Just a few months after privacy concerns were cited in a pause to Saskatchewan’s digital ID program, another government official is calling for the program to continue – the province’s privacy commissioner.
Saskatchewan Privacy Commissioner Ronald J. Kruzeniski’s office issued an annual report this week in which it made the case for the development of a digital ID solution in the Canadian province. Summing up the case, Kruzeniski essentially argued that such a program would offer numerous advantages to a population that increasingly looks to online channels to perform various transactions, and he said that acting sooner rather than later will help to ensure that Saskatchewan will not ultimately be subject to digital ID programs advanced by the federal government or the private sector.
The provincial government had initially announced that it was exploring the development of a digital ID program in March of this year, but backtracked on the idea the following month. In announcing the project’s suspension, the government cited high costs as an important factor, as well as concerns about privacy. Minister Jim Reiter, who leads the SaskBuilds, project, noted that other provinces such as Ontario are already pursuing their own digital ID programs, and that Saskatchewan could learn from their successes and failures before proceeding on its own.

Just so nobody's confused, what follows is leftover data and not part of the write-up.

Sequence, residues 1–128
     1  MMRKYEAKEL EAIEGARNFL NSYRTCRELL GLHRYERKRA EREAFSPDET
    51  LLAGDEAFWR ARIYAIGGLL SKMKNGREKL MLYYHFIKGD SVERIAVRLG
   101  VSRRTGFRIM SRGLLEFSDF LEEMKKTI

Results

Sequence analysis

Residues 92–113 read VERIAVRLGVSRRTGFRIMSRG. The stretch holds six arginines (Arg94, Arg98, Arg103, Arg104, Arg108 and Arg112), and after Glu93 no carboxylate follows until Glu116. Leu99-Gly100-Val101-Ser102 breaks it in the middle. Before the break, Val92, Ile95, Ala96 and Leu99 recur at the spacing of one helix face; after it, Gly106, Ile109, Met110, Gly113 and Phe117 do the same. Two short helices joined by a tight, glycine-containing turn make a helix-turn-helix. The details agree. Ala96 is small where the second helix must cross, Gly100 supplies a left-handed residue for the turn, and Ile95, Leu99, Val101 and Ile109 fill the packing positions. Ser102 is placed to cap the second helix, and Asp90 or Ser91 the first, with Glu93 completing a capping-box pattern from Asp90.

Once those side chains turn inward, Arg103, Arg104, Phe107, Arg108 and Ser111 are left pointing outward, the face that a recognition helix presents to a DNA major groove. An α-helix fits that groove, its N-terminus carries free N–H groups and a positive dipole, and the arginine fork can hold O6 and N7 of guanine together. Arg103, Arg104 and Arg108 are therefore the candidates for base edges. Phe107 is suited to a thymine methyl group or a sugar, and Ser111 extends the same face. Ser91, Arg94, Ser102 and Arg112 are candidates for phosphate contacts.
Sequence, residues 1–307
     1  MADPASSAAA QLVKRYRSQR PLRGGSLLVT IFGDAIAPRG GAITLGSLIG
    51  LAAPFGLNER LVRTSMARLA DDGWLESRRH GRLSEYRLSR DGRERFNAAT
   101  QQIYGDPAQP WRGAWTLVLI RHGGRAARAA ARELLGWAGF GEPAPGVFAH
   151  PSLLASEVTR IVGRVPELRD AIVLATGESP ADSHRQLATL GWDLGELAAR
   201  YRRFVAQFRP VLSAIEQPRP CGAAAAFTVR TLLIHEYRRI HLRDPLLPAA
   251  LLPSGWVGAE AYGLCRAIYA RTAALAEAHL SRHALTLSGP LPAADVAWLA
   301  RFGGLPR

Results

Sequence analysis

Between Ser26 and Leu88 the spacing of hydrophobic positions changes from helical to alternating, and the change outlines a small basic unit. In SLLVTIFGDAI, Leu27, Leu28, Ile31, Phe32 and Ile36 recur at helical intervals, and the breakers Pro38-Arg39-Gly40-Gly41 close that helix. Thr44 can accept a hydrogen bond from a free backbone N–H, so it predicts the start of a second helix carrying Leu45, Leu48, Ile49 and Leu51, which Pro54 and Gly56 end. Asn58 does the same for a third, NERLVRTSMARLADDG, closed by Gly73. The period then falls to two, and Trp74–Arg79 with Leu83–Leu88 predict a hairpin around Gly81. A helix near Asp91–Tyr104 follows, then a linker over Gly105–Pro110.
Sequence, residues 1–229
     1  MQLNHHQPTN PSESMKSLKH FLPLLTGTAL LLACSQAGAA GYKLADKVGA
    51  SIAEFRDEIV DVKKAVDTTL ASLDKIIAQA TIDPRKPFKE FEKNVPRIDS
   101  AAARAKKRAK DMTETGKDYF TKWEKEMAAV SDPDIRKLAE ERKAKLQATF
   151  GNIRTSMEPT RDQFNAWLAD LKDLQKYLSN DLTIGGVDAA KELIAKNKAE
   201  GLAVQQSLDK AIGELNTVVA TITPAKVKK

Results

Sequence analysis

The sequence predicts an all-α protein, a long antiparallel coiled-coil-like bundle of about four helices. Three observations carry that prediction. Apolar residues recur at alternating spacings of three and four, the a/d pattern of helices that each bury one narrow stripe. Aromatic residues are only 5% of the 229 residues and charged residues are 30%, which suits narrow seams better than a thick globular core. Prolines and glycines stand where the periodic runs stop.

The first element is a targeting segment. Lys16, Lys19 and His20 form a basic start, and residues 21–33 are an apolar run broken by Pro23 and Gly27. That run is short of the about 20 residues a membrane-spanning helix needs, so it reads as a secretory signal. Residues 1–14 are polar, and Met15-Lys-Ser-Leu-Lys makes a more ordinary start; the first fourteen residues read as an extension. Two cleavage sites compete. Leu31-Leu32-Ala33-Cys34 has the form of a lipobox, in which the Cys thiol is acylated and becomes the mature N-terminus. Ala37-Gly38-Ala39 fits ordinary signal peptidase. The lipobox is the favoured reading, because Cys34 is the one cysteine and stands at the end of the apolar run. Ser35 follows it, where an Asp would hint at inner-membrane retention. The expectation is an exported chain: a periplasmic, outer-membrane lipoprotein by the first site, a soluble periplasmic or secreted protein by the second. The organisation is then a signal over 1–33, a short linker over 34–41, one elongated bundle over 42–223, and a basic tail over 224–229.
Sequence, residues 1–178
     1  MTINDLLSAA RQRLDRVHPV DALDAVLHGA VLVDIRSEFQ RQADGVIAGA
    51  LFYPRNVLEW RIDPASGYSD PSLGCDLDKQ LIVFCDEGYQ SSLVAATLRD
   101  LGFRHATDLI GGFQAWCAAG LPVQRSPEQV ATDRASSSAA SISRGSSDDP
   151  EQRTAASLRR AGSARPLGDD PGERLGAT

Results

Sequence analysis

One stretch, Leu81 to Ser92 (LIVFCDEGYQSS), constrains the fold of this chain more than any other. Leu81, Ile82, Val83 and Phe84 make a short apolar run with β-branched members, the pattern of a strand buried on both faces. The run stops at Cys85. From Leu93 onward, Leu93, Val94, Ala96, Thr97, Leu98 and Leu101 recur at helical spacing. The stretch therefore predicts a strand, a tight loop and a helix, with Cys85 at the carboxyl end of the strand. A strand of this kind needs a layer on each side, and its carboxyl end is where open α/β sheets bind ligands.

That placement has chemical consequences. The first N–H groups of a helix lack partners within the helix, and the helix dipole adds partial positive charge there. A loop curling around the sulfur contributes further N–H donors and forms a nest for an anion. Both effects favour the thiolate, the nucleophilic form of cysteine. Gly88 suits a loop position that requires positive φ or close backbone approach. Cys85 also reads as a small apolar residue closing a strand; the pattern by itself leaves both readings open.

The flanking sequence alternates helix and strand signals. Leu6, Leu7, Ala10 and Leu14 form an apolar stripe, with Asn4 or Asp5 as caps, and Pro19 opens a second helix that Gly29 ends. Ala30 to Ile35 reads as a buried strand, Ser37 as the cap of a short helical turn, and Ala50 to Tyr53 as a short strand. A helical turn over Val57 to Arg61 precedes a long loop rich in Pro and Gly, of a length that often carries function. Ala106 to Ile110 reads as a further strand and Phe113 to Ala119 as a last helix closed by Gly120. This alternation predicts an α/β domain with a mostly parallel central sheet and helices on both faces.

For the Privacy Commissioner’s part, Kruzeniski and his office’s report have at least addressed the privacy aspect of digital ID. Kruzeniski emphasized that it would have to be optional, and that the service must be subject to Freedom of Information and Protection of Privacy requests. He said that users’ information should not be shared with government agencies, and that the digital ID system should minimize the amount of information shared in any transaction.
Kruzeniski also emphasized the need for a decentralized approach to the storage of user data, both to protect citizens’ privacy and to minimize the amount of information that could be compromised in a hack or database leak.
As for potential uses of the digital ID system, they would range from applying for government subsidies and licenses to making insurance claims, to booking camp sites at provincial parks, among other use cases. It could even facilitate the purchase of age-sensitive goods like alcohol.
The issue of digital ID has become politicized somewhat in recent months, with groups like the Ontario Party framing such programs as government intrusions into citizens’ privacy. The endorsement of a digital ID from Saskatchewan’s privacy commissioner may, to some extent, help to quell such concerns.